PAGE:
How does an insurance policy “protect” me?

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Jeffrey Johnson is a legal writer with a focus on personal injury. He has worked on personal injury and sovereign immunity litigation in addition to experience in family, estate, and criminal law. He earned a J.D. from the University of Baltimore and has worked in legal offices and non-profits in Maryland, Texas, and North Carolina. He has also earned an MFA in screenwriting from Chapman Univer...

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UPDATED: May 2, 2012

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Insurance policies offer protection against economic loss, that is, loss or damage which can be measured in purely financial terms and compensated by money. For example, an insurance policy can pay for the cost to repair or replace a damaged automobile or to rebuild a building damaged by fire, for the cost of medical treatment for an injury or illness or for the lost income of a person who dies or is unable to work. The purpose is to place the injured party, as nearly as possible, in the same financial position as if the loss had not occurred.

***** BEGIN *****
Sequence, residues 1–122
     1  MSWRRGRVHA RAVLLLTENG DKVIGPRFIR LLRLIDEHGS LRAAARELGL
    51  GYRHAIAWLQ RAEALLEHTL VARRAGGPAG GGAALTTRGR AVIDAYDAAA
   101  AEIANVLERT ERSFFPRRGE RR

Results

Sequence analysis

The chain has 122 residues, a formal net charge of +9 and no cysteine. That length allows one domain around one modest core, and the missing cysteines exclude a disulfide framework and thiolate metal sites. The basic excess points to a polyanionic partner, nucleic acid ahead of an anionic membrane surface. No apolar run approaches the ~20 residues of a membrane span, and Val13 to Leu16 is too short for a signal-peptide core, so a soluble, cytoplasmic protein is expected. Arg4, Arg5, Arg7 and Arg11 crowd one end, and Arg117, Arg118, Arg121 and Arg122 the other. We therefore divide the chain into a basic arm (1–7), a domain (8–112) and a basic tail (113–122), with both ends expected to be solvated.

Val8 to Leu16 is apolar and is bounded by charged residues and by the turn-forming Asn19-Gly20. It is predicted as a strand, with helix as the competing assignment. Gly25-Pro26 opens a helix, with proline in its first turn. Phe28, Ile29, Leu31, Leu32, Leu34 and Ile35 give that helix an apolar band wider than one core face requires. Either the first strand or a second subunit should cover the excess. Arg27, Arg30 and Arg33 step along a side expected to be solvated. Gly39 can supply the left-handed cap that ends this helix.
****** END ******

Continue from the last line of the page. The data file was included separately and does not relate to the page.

It is important to understand this limitation of insurance, since there are many types of losses which can not be compensated by money. For example, insurance can not replace a life or take away the emotional injury or pain which often accompanies an accident or serious illness or compensate for loss of the “sentimental” value of an item of property. When you buy homeowners property insurance, for example, you are insuring only the economic value of the home, i.e., the cost to repair or rebuild it.

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